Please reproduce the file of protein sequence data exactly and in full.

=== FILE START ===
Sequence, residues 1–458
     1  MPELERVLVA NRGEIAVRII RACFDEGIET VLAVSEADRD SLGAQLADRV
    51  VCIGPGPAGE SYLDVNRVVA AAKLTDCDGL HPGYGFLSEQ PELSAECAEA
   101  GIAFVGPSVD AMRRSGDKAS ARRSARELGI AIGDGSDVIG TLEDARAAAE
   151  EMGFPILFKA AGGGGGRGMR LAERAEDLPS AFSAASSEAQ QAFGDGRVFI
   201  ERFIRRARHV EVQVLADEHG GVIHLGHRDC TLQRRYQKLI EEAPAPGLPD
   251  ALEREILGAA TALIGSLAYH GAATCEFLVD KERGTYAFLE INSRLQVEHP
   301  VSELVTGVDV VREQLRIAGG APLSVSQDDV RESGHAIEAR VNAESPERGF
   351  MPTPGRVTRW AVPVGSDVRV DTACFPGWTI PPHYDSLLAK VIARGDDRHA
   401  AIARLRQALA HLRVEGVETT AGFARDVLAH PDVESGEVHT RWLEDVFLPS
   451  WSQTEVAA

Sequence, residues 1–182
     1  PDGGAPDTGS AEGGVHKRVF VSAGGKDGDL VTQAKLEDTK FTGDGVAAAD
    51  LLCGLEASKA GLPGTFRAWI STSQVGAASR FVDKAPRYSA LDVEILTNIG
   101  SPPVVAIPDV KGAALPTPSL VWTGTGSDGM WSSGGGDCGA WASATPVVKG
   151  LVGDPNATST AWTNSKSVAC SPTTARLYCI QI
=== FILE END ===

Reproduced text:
Sequence, residues 1–458
     1  MPELERVLVA NRGEIAVRII RACFDEGIET VLAVSEADRD SLGAQLADRV
    51  VCIGPGPAGE SYLDVNRVVA AAKLTDCDGL HPGYGFLSEQ PELSAECAEA
   101  GIAFVGPSVD AMRRSGDKAS ARRSARELGI AIGDGSDVIG TLEDARAAAE
   151  EMGFPILFKA AGGGGGRGMR LAERAEDLPS AFSAASSEAQ QAFGDGRVFI
   201  ERFIRRARHV EVQVLADEHG GVIHLGHRDC TLQRRYQKLI EEAPAPGLPD
   251  ALEREILGAA TALIGSLAYH GAATCEFLVD KERGTYAFLE INSRLQVEHP
   301  VSELVTGVDV VREQLRIAGG APLSVSQDDV RESGHAIEAR VNAESPERGF
   351  MPTPGRVTRW AVPVGSDVRV DTACFPGWTI PPHYDSLLAK VIARGDDRHA
   401  AIARLRQALA HLRVEGVETT AGFARDVLAH PDVESGEVHT RWLEDVFLPS
   451  WSQTEVAA

Sequence, residues 1–182
     1  PDGGAPDTGS AEGGVHKRVF VSAGGKDGDL VTQAKLEDTK FTGDGVAAAD
    51  LLCGLEASKA GLPGTFRAWI STSQVGAASR FVDKAPRYSA LDVEILTNIG
   101  SPPVVAIPDV KGAALPTPSL VWTGTGSDGM WSSGGGDCGA WASATPVVKG
   151  LVGDPNATST AWTNSKSVAC SPTTARLYCI QI